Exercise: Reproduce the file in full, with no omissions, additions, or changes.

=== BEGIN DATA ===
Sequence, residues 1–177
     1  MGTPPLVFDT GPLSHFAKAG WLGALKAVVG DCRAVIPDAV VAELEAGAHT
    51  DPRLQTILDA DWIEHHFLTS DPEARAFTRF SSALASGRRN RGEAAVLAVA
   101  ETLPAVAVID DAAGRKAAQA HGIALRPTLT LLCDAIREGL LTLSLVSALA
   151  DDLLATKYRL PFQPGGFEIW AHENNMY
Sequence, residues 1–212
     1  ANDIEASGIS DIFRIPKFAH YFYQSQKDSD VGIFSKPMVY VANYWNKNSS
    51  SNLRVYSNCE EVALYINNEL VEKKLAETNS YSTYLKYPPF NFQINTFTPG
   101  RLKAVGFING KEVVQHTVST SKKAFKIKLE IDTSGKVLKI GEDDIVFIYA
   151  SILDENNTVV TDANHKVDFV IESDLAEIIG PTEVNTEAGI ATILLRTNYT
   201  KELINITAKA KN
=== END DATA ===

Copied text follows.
Sequence, residues 1–177
     1  MGTPPLVFDT GPLSHFAKAG WLGALKAVVG DCRAVIPDAV VAELEAGAHT
    51  DPRLQTILDA DWIEHHFLTS DPEARAFTRF SSALASGRRN RGEAAVLAVA
   101  ETLPAVAVID DAAGRKAAQA HGIALRPTLT LLCDAIREGL LTLSLVSALA
   151  DDLLATKYRL PFQPGGFEIW AHENNMY
Sequence, residues 1–212
     1  ANDIEASGIS DIFRIPKFAH YFYQSQKDSD VGIFSKPMVY VANYWNKNSS
    51  SNLRVYSNCE EVALYINNEL VEKKLAETNS YSTYLKYPPF NFQINTFTPG
   101  RLKAVGFING KEVVQHTVST SKKAFKIKLE IDTSGKVLKI GEDDIVFIYA
   151  SILDENNTVV TDANHKVDFV IESDLAEIIG PTEVNTEAGI ATILLRTNYT
   201  KELINITAKA KN